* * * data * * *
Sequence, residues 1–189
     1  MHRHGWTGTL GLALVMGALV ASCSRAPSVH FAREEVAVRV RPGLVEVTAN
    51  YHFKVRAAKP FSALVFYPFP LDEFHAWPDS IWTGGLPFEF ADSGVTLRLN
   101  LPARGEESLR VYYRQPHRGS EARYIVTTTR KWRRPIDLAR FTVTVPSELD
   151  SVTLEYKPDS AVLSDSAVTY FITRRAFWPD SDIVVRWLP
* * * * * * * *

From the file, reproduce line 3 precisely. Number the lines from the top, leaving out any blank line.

    51  YHFKVRAAKP FSALVFYPFP LDEFHAWPDS IWTGGLPFEF ADSGVTLRLN